Two women were shot during an attempted suicide shooting in Knoxville, Tenn.
According to reports, 57-year-old Yvonne Jones fired a shot from her 9mm semi-automatic pistol while in her bedroom. The sound of the shot alerted 31-year-old Cassandra Walker, the live-in girlfriend of Jones’ son. Jones was allegedly preparing to fire another shot into her own head when Walker entered the room.
“They struggled over the weapon,” said Knoxville Police Department Sgt. Sean Hejna. “[Jones] was trying to commit suicide and the other girl tried to stop her.”
Despite Walker’s best attempts to save Jones from herself, Jones was able to fire off a shot during the struggle. The bullet struck Jones in her head and grazed Walker’s wrist.
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Authorities eventually arrived on scene and took both of the women to a nearby hospital, but by then it was already too late for the suicidal woman. Jones died from her injury, but luckily Walker was treated and released.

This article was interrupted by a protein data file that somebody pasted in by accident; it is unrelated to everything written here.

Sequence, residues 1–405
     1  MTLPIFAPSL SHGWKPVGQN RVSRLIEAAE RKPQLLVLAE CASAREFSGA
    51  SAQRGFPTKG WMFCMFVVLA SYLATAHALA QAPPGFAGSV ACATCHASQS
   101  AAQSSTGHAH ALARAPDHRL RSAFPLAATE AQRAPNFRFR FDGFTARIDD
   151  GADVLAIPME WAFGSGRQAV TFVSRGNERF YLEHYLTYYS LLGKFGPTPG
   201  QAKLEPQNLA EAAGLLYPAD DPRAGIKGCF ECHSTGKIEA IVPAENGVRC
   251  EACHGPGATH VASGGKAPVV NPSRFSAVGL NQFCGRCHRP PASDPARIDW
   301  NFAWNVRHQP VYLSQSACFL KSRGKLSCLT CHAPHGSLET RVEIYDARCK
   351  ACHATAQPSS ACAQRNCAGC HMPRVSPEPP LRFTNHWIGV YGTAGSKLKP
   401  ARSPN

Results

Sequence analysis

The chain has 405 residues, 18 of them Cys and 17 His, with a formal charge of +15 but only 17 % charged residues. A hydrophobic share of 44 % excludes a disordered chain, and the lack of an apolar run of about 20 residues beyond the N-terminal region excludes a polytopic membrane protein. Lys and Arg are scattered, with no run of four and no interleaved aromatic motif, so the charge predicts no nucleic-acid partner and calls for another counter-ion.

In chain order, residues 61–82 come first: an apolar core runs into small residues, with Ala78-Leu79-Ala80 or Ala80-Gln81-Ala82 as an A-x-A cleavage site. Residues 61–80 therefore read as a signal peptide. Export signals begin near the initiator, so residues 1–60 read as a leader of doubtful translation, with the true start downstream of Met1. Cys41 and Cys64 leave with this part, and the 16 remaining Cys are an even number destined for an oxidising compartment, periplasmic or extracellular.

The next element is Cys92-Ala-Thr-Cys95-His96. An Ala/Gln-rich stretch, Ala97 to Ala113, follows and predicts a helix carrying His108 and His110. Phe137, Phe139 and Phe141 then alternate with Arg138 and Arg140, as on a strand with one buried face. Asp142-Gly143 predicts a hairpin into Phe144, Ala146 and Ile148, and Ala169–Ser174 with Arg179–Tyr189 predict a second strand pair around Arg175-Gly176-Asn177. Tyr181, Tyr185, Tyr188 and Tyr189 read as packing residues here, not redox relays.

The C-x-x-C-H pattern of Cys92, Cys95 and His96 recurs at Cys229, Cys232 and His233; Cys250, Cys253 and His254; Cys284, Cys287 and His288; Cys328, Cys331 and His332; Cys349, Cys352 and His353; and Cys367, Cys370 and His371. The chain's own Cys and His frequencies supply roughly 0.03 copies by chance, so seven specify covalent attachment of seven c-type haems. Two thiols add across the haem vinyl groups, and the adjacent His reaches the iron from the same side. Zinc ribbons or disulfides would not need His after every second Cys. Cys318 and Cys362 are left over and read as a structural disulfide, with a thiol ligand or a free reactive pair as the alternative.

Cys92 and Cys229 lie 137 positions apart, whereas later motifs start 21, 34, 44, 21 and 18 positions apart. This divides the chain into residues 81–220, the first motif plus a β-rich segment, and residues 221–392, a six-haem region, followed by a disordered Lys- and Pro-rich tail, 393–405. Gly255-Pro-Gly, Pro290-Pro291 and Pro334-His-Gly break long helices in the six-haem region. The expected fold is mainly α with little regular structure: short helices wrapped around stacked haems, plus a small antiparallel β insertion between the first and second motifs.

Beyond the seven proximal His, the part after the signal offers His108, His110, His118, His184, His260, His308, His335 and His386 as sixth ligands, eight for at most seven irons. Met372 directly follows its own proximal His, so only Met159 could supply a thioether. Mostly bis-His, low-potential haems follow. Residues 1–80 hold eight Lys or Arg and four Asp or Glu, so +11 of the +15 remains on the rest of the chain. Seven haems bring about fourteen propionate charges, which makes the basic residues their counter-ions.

Hejna added that Jones had apparently been suffering from depression for years.
What Walker did for Jones was noble, but she almost paid the ultimate price for her selflessness. Jones could have easily shot Walker – either intentionally or unintentionally.
This story highlights the biggest problem with gun violence. With events like the Sandy Hook shooting and the Trayvon Martin shooting dominating the news, it is easy to forget that gun suicides are by far the No. 1 cause of gun-related deaths in America. In fact, the Centers for Disease Control estimates that gun-related suicides are on the rise.
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If the world were filled with more people like Cassandra Walker, however, gun suicides might suddenly become much less common.